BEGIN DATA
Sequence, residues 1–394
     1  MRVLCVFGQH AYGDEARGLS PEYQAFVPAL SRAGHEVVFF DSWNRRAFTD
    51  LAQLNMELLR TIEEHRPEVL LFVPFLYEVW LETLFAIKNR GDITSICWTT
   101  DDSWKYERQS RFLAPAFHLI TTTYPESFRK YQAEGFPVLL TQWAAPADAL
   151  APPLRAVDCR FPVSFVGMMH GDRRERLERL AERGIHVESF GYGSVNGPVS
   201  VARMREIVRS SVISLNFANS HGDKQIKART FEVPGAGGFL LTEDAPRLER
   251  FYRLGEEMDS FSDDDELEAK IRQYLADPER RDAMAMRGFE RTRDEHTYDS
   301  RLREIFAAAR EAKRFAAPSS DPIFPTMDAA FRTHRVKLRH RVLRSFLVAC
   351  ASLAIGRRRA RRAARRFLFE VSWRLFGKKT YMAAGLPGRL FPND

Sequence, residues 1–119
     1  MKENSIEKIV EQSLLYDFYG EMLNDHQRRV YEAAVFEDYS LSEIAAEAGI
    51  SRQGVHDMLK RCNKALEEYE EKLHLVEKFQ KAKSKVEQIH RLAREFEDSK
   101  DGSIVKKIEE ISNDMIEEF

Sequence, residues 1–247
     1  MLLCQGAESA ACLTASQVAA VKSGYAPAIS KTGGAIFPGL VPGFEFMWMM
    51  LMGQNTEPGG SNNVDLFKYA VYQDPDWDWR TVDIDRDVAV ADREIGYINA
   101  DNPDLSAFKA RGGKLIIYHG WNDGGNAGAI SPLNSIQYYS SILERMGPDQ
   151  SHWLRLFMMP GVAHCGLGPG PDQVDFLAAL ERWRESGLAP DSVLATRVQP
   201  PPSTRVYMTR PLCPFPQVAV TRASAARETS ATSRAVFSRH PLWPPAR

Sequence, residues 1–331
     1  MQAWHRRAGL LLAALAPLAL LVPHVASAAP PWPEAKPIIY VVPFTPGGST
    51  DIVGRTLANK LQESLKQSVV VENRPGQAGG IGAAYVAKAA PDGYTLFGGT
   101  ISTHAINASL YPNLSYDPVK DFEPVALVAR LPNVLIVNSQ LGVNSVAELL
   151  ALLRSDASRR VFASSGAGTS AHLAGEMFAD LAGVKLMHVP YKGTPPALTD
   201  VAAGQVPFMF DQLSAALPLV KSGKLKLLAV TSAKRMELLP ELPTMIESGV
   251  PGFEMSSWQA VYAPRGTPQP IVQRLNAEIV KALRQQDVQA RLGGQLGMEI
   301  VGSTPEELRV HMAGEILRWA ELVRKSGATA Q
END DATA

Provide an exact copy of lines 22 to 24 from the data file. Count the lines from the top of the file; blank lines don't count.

    51  DIVGRTLANK LQESLKQSVV VENRPGQAGG IGAAYVAKAA PDGYTLFGGT
   101  ISTHAINASL YPNLSYDPVK DFEPVALVAR LPNVLIVNSQ LGVNSVAELL
   151  ALLRSDASRR VFASSGAGTS AHLAGEMFAD LAGVKLMHVP YKGTPPALTD